When investigating the internal phylogeny of a language family like Indo-European, the value of loanwords is often understated or completely neglected. It may be argued that a loanword shared exclusively by several languages is an important shared innovation when this lexeme can be traced to a common reconstructed form. Such a shared innovation may carry even more significance than one based on inherited lexical material. In the latter case, it is often hard to distinguish innovations from archaisms. This article examines two lexemes that may have been borrowed into the proto-language of the hypothesized Balkan Indo-European subgroup including at least Greek, Armenian, Albanian, and Phrygian. If the proposed etymologies are accepted, they will contribute to the already existing evidence for this subgroup, which hitherto has not been universally accepted.
Ancient DNA (aDNA) analysis was employed to obtain information on the population relationships of the two Thulamela individuals (AD 1400-1700) and six other skeletons from various archaeological sites of the southern African Iron Age – Tuli (Botswana), Nwanetsi, Makgope, Happy Rest and Stayt. Although sequences were short, it seems that the Thulamela female aligns somewhat more with eastern populations as opposed to the male who aligns more with western groups. This result is not surprising given that the two individuals were buried at the same site but their burials were hundreds of years apart. It was also possible to identify genetic links between the Iron Age individuals and modern southern African populations (e.g. some of the skeletons assessed showed maternal genetic similarities to present-day Sotho/Tswana groups) and to separate the samples into at least two genetic groups. Poor quality and quantity of DNA meant that only haplogroups, not subhaplogroups, of the individuals could be traced.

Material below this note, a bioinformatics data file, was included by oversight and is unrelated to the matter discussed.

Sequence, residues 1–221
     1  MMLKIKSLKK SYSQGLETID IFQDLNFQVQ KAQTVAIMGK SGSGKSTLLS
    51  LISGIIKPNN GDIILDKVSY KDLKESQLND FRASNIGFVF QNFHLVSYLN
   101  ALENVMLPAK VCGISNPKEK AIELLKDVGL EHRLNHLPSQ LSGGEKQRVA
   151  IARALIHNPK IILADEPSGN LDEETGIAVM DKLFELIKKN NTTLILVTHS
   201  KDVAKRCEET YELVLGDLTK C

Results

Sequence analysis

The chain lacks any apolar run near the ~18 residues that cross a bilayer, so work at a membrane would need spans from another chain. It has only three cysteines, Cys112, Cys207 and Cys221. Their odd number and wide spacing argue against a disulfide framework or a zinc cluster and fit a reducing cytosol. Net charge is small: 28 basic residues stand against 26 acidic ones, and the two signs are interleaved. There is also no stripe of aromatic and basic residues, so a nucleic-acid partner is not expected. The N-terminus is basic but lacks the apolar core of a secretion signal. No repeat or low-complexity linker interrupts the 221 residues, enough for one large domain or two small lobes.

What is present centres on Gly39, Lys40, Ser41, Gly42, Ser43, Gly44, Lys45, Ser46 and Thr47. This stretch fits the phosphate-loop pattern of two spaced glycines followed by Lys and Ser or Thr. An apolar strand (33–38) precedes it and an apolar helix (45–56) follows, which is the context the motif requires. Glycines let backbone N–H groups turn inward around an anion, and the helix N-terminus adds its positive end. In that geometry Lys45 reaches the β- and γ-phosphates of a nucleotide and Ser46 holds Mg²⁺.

Current potters in Manaledi village in the Tswapong Hills of Botswana aver that they and their ancestors for five generations have made pottery exclusively with clay from nearby sources. We begin with an examination of Manaledi and its clay mine to uncover current dialectics between village, landscape, clay, potters, and ancestors. Archaeological sherds found around the village and clay sources document occupation by makers of Early Iron Age (ca. AD 500-750), Middle Iron Age (ca. AD 750-1050), Late Iron Age (ca. AD 1420-1800), and 18th-20th century wares related to current Manaledi pottery. The proximity of archaeological deposits, clay sources, and village made it possible to conduct simultaneously what might otherwise be considered three separate projects. As a consequence, we are able to document that Manaledi clays have been used to make pottery for some 1500 years and to consider long-standing constraints on potting this implies.